And we haven’t even gotten into the promotion of monocultures, the emergence of super bugs and super weeds related to chemical agriculture, and the externalization and down streaming of costs onto society. It doesn’t get into that traditional methods are more resilient in less-than-perfect conditions, and that in those conditions, GMO crops often underperform compared to the claims of their champions.
    If you want to trust these companies and the foods they produce, that is your choice, but they should not eliminate my choice simply because they don’t agree with my reasons.

    1. Literally nothing you said is true. Please give citations on how Monsanto routinely and intentionally runs small farmers out of business.

      1. I think you need to define your terms. What do you mean by GMO seed companies? Do you mean seed companies who sell only GMO seeds or seed companies who sell GMO seeds as well as organic and hybrids? There are over 1,000 separate seed companies that supply the global commercial seed market. It is irresponsible and absolutely untrue to claim that 50% of the entire world’s seed market is controlled by “GMO seed companies,” whatever that means. You didn’t even provide a citation.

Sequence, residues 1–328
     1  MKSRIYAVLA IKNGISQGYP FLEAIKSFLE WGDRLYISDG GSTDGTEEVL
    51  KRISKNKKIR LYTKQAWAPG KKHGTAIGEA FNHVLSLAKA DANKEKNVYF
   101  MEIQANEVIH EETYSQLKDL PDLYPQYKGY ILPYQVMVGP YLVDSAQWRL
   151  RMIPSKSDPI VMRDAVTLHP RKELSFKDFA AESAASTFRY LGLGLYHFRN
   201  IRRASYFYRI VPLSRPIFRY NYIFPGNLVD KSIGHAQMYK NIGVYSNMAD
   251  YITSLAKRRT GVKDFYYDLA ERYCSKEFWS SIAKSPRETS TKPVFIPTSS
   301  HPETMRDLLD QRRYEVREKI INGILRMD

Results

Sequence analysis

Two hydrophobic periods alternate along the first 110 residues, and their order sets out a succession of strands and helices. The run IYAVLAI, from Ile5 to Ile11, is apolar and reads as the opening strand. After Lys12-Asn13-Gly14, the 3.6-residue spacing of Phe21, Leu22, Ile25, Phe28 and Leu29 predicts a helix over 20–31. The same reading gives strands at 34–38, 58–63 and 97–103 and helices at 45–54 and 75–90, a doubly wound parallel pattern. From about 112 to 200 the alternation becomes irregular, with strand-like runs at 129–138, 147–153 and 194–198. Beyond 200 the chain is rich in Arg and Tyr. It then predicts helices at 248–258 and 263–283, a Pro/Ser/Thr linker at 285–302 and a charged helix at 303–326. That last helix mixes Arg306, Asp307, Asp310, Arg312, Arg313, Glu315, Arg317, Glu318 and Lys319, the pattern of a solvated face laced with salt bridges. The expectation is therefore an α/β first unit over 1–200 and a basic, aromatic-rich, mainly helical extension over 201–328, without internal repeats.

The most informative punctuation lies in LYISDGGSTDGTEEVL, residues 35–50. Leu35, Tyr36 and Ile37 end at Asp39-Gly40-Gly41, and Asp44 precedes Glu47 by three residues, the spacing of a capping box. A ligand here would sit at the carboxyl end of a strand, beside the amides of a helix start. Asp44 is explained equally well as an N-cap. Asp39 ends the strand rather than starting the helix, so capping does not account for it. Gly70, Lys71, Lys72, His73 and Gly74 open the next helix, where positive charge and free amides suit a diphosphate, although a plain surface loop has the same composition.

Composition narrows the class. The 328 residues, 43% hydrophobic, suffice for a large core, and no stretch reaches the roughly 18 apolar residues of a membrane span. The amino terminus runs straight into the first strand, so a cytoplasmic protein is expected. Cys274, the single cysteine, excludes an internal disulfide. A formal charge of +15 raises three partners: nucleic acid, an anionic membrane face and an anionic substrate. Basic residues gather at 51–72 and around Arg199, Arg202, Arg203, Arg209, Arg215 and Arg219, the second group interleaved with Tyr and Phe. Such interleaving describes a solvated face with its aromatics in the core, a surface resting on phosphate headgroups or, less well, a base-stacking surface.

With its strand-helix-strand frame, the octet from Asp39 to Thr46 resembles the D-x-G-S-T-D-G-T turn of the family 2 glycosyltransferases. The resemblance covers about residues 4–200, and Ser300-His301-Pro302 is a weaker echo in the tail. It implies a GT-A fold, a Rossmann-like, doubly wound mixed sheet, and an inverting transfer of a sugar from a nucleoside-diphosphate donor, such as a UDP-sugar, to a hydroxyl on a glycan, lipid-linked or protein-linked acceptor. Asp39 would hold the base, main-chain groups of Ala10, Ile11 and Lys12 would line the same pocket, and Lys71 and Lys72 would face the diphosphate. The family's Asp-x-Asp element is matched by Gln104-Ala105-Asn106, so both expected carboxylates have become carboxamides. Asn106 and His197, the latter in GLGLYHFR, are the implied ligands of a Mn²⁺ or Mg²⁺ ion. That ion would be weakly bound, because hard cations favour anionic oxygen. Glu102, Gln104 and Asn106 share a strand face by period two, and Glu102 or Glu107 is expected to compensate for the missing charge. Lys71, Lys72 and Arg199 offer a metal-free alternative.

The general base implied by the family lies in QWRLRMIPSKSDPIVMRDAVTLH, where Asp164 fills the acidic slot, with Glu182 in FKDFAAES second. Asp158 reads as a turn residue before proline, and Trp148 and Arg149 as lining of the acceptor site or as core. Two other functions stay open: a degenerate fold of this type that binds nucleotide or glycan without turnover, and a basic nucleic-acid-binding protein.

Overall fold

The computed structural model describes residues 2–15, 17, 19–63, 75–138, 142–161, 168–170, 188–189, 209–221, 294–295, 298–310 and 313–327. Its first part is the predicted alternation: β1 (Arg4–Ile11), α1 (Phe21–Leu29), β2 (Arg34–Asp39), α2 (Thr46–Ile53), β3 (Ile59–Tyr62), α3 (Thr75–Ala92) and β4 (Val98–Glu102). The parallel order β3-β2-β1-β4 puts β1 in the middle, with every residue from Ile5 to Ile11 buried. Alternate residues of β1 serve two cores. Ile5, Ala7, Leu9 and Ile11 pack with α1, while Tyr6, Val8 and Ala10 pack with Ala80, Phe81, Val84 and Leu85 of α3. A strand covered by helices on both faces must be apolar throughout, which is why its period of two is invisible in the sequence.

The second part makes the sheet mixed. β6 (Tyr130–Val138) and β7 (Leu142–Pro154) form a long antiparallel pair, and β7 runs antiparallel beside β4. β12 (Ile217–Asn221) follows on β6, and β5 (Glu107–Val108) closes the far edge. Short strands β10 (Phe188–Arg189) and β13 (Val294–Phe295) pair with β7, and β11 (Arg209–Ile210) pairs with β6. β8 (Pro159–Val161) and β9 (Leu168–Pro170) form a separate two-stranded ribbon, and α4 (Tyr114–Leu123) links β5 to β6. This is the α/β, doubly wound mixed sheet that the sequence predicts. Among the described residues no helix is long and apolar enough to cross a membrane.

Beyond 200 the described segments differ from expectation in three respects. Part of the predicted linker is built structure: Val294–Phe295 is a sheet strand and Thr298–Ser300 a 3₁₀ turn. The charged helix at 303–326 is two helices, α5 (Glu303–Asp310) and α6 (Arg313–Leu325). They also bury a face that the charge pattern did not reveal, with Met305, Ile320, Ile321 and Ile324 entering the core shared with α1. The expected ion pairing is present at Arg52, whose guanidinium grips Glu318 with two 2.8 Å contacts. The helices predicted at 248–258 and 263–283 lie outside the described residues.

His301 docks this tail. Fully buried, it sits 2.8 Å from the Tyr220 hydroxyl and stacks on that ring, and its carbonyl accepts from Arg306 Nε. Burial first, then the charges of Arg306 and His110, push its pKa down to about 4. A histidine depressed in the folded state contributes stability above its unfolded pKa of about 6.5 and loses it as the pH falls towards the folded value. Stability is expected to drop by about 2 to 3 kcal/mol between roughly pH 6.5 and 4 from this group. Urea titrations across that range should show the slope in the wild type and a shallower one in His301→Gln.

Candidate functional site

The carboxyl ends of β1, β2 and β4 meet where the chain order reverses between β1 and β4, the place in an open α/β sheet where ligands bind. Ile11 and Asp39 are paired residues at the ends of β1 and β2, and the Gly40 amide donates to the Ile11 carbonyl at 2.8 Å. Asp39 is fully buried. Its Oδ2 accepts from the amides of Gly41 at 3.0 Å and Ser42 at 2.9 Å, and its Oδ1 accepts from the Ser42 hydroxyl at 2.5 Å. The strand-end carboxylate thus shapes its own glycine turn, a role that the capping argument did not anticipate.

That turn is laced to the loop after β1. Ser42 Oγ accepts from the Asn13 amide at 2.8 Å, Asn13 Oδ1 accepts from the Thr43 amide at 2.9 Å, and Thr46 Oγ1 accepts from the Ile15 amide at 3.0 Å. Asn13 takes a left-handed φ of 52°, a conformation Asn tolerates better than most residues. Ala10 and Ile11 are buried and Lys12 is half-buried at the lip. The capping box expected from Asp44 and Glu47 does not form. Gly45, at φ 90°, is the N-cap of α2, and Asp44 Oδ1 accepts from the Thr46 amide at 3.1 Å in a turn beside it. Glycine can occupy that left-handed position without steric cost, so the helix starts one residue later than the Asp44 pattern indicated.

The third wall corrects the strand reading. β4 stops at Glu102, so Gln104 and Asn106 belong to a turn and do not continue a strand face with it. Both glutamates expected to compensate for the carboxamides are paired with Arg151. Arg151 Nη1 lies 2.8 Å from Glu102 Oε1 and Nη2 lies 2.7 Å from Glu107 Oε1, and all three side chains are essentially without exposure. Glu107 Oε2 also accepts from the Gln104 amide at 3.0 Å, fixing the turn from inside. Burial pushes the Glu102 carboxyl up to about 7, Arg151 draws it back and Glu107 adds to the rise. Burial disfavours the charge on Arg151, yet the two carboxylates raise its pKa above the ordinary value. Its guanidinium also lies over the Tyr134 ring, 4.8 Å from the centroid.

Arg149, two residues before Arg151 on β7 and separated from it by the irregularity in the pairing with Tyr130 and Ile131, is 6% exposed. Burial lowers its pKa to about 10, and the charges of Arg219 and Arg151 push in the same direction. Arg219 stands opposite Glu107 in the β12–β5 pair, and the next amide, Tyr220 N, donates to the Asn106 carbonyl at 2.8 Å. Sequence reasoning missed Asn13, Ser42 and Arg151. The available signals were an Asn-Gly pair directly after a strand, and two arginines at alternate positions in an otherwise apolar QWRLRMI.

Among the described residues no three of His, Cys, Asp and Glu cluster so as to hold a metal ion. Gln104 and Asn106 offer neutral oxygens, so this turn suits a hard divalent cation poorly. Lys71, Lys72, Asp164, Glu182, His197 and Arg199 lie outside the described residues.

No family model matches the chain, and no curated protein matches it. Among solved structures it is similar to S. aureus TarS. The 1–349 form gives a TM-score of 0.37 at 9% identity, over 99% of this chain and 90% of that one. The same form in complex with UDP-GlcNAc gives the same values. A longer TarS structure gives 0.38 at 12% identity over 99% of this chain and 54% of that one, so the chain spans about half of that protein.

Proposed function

It is true, however, that Monsanto is one of the largest commercial seed companies, but its global market share is still less than 5% of the world’s seeds. It’s also very clear that you’ve never actually stepped foot onto a farm because absolutely nothing is true about the statement, “[…]they trap farmers in terrible situations, taking a lifestyle that was once independent and autonomous, and making them entirely dependent, financially beholden to corporate America, and at the mercy of these companies.” That claim is pure unfounded garbage and it really has nothing to do with farming, but rather just shows your own personal disdain for corporations.

      2. You obviously didn’t even read the article because I explain in detail how important dosage is when talking about any chemical. I also explained in great detail about how toxicological studies over the past 30 years have shown that glyphosate does not demonstrate any inherent risks to humans or animals. You’re also committing an Argument From Ignorance fallacy.

      3. Whether a chemical is synthetic or not says absolutely nothing about its toxicity or how safe it is. Arsenic is a natural chemical. Teflon is a synthetic chemical. Which of those would you rather have the pan you cook your food on coated with? These last two arguments you gave were purely based on hypothetical, unfounded fears.